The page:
Recovery Man by Kristine Kathryn Rusch. ★★★1/2
Recovery Man is the sixth novel in Rusch’s science fiction mystery series following Retrieval Artist Miles Flint. The premise of the series is as follows: human governments have signed treaties with alien governments mandating that humans be tried under alien laws for crimes committed on alien planets. But some of the punishments or “crimes” are completely, well, alien to humans, so a burgeoning industry of Disappearance Services hides human offenders from alien justice systems. Miles Flint, a former police officer, is a Retrieval Artist, someone who works for the families of the Disappeared, who will try to contact them without blowing their aliases.
While you could theoretically start with Recovery Man, I wouldn’t. It’s not the best book in the series, and the plotline is weaker than some of the others. Try the first book, The Disappeared.
The Timeseer’s Gambit by Kate McIntyre. ★★★★
The Timeseer’s Gambit is the sequel to fantasy mystery novel, The Deathsniffer’s Assistant. While there is a separate mystery, I highly suggest reading the books in order since there are some ongoing plot threads and character arcs.
Three months after Christopher Buckley started working for the eccentric detective Olivia Faraday, they’ve got a new case. Across the city, young priests have died in apparent accidents, yet there appears to be a connection. If that weren’t enough, Dr. Livingstone is about to go to trial, and it looks like he’ll be convicted, even though Chris is sure he’s innocent. And on top of everything else, he still hasn’t figured out what’s going on with those mysterious powers he displayed at the end of the last book? Oh, and his apparent past connection to the alluring William Cartwright.
Snake Agent by Liz Williams. ★★★
For whatever reason, I never connected to Snake Agent. Even when there was something about it that I normally would have found interesting, it just never drew me in.
Snake Agent is an urban fantasy, science fiction, mystery mash up set in an alternate universe where Singapore’s started franchising. Detective Inspector Chen handles supernatural cases for the Singapore Three police. He regularly deals with Heaven, Hell, and the spirits of the deceased. He soon becomes unwittingly embroiled in an investigation involving the trafficked souls of young girls and a conspiracy within Hell’s Ministry of Epidemics.
The Long Way Down by Craig Schaefer. ★★★★
The Long Way Down is a dark and gritty urban fantasy set among the seediness of Las Vegas. Daniel Faust is a magician working as a PI who gets a case from an old man looking for justice for his dead granddaughter. Said granddaughter was a porn star, and it looks like her director might have offed her. Only, turns out the director has enslaved a succubus and is only the start to a whole supernatural conspiracy.
Paloma by Kristine Kathryn Rusch. ★★★★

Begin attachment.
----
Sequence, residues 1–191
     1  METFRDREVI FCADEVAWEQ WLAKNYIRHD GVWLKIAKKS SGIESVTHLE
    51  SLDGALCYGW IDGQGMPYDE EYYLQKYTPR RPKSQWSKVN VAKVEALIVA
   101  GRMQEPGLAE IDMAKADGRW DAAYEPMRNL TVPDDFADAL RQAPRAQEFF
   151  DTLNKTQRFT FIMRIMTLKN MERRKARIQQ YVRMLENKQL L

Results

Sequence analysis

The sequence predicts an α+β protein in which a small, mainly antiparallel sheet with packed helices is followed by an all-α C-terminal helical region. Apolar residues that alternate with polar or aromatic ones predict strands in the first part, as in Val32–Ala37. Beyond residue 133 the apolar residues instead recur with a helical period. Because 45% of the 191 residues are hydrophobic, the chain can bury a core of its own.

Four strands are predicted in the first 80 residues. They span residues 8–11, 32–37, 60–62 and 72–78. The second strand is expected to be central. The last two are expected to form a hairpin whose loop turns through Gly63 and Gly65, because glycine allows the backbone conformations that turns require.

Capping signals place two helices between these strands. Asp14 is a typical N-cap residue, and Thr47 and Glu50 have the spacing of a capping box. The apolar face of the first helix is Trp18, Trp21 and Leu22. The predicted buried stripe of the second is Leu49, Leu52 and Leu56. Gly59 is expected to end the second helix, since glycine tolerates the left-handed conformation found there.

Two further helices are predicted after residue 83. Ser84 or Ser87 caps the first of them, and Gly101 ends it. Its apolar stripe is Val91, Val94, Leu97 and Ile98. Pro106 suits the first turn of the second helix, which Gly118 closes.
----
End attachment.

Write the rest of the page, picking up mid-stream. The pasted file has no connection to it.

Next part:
Paloma is the fifth installment in the Retrieval Artists, a science fiction mystery series following former detective Miles Flint. The series starts with The Disappeared, but since each book is a stand alone mystery, you could theoretically read them independently.
Miles Flint used to be a detective working for the police force of Armstrong, a domed city on the moon. Then he bought a business from a woman named Paloma and became a retrieval artist, someone who goes looking for people who’ve gone into hiding due to alien laws at the behalf of relatives or others who don’t want them to be officially found. Since becoming a retrieval artist, Paloma has acted as a mentor and an adviser for Miles. At the start of the book, he receives an emergency message and arrives at her apartment to find a crime scene. Paloma has been murdered. Miles always looked up Paloma, but with her death he’s finding out that she’s not the woman he thought he was. Paloma had a dark side.
Lock In by John Scalzi, read by Wil Wheaton. ★★★★
In the near future, a highly contagious virus races across the globe. A fraction of those who survive experience “lock in” – they are completely paralyzed, unable to move their bodies at all, even though they suffer no mental impairment. Over twenty years later, the condition is known as “Haydon’s Syndrome” and the world has changed in its wake. The locked in communicate with the world through online spaces or robotic “threeps” which they can pilot around the physical world. Chris Shane was the poster child for Haydon’s Syndrom but is now trying to leave that life behind and become an FBI agent. The very first day on the job, Agent Shane and Agent Leslie Vann encounter a Haydon related murder that leads to something bigger than they ever could have imagined.
Jackaby by William Ritter. ★★★
Jackaby is a YA fantasy story about a young women from around 1900 (I think) who gets a job with a detective who can see supernatural creatures. Right when she’s hired, there’s a supernatural serial killer on the loose. Unfortunately, while Jackaby had a lot of potential, the end result was just bland and largely forgettable.
Abigail Rook is the daughter of an English society lady and an archaeologist. Her entire life she’s read tales of adventure and longed to join her father on his digs, despite her parents instance that it is not proper for a young lady. When it comes time for her to go off to higher education, she takes the money for tuition and runs away to join a dig. The experience not being what she hoped, she winds up in America, in need of a job. She soon finds employ with R.F. Jackaby, a detective with supernatural sight. Almost immediately they start investigating a case of a serial killer that Jackaby insists has a supernatural element.